We used descriptive statistics to describe key characteristics of the study population, including the exposure of CYSHCN to opioids, the exposure by specific chronic condition, and the most common specific chronic medications taken by CYSHCN. Comparisons between categorical variables of interest were conducted by using the χ2 test. Statistical significance was set at P < .001. All analyses were performed by using SAS 9.4 (SAS Institute, Cary, NC). This study of deidentified data was exempt from review by the policies of the Colorado Multiple Institutional Review Board.
Among 4 032 955 continuously enrolled children, 64.4% were CYSHCN. Overall, OE occurred in 3.5% of children without a special health care need, 7.4% of CYSHCN, and 14.0% in CYSHCN with a CCC. CYSHCN represented 80.0% of all children who had OE. The 2 597 987 CYSHCN comprised the study population for all subsequent analyses (Table 1).
Demographics and Clinical Characteristics of CYSHCN With and Without OE
Children with versus without OE were older (eg, ages 10–18 years: 69.4% vs 48.7%), more likely to be girls (52.0% vs 47.7%), non-Hispanic white (55.0% vs 46.9%), and had more chronic conditions (eg, ≥3 conditions: 49.1% vs 30.6%) as well as CCCs (18.8% vs 9.0%), P < .001 for all. Children with OEs were also more likely to have filled prescriptions from multiple other medication classes during the study year (eg, ≥5 additional medication classes: 54.7% vs 31.2%, P < .001). Specifically, 6.5% of children with OEs had concomitant prescriptions for an anticonvulsant at some point during the study period, 5.9% for an anxiolytic, and 5.4% for a benzodiazepine.
Rates of OE in CYSHCN by Number and Type of Chronic Condition
As the number of chronic conditions increased from 1 to 5 or more, the rate of OE increased from 4.9% to 15.2%, P < .001 (Fig 1). The highest rates of OE were observed in children with immune (26.9%), cancer (24.0%), hematology (22.8%), and neurologic (17.8%) conditions. Specific, common examples of these conditions were hypogammaglobinemia (immune), benign neoplasm of skin (cancer), sickle cell anemia (hematology), and migraine headaches and cerebral palsy (neurologic). Also, based on the CCC classifications system, OE was high (22.0%) in children assisted with medical technology.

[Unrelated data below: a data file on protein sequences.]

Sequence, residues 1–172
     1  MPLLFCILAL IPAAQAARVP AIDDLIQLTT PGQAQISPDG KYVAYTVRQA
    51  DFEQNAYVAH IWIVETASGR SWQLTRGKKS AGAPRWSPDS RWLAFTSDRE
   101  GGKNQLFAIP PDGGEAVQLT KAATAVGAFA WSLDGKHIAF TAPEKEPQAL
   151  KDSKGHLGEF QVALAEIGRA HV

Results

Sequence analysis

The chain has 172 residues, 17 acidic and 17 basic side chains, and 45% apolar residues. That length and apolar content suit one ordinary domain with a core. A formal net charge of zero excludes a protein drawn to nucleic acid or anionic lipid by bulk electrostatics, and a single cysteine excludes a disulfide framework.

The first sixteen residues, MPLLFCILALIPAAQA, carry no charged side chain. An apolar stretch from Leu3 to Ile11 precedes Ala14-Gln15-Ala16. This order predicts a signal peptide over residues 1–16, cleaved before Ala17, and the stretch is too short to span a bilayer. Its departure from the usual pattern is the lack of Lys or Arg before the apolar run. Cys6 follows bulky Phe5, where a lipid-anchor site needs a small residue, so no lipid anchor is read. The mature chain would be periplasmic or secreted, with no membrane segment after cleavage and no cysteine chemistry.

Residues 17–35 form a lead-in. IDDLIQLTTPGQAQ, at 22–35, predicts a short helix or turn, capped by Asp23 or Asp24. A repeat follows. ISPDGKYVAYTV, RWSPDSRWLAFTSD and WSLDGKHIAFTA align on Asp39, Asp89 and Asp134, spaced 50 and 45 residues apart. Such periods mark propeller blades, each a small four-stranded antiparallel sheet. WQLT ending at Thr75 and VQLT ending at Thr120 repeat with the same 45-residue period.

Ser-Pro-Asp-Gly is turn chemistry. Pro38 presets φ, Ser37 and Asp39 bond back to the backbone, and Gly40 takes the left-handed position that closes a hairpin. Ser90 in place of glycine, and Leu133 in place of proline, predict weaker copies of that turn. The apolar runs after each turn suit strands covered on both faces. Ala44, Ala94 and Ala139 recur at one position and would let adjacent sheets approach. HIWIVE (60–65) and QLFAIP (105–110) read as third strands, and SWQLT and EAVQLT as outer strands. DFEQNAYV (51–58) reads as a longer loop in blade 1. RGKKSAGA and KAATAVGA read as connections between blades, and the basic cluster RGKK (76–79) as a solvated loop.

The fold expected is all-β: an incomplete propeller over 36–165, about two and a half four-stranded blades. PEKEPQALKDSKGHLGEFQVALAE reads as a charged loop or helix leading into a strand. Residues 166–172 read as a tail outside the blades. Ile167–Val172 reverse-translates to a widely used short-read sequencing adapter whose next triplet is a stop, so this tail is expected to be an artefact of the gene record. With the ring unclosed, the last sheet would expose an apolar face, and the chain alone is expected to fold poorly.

Specific Opioids Used by CYSHCN
Of the 271 869 opioid prescriptions, 189 040 (76.7%) were dispensed as part of a single-fill episode, and the remainder were dispensed as part of 57 542 multiple-fill episodes (Table 1). Single-fill episodes had a median duration of 4 days (interquartile range [IQR]: 3–6 days), and multiple-fill episodes consisted of a median of 2 fills with a total median duration of 10 days (IQR: 7–19 days). Table 2 lists the most commonly filled opioids and the median total days supplied. Acetaminophen-hydrocodone comprised 47.5% of all opioid fills, followed by acetaminophen-codeine (21.5%), oxycodone (9.5%), acetaminophen-oxycodone (9.0%), and tramadol (6.2%).
Specific Diagnoses and Procedures Associated With OE for CYSHCN
Table 3 lists the top categories of recorded diagnosis codes preceding OE. Those diagnoses most frequently included infections (25.9%), injury (22.3%), nontraumatic musculoskeletal issues (9.6%), dental issues (6.7%), mental health issues (6.6%), gastrointestinal issues (3.7%), nontraumatic neurologic issues (1.6%), and malignancy (1.5%). Among specific types of infection, respiratory infections comprised the majority (64.1%). There was no diagnosis recorded for 12.9% of CYSHCN with an OE.
Health Care Use Before and After OE for CYSHCN
Approximately 86.3% of all OEs were preceded by contact with a health care provider (Fig 2). ED visits preceded 28.8% of all exposures, followed by outpatient surgery (28.8%), outpatient specialty (20.8%), primary care (18.3%), dental care (7.3%), and inpatient (6.5%) visits. Of the remaining 13.7% without care in the preceding 7 days, 12.0% had a “not elsewhere specified/injections/durable medical equipment” claim and the rest had no claims at all. Regarding follow-up care, 35.1% of single-fill OEs were associated with a follow-up visit within 7 days and 62.2% within 30 days, with the majority of follow-up visits occurring in the primary care or outpatient subspecialist office settings. Examining multiple-fill episodes only, this rose to 51.6% within 7 days and 74.7% within 30 days.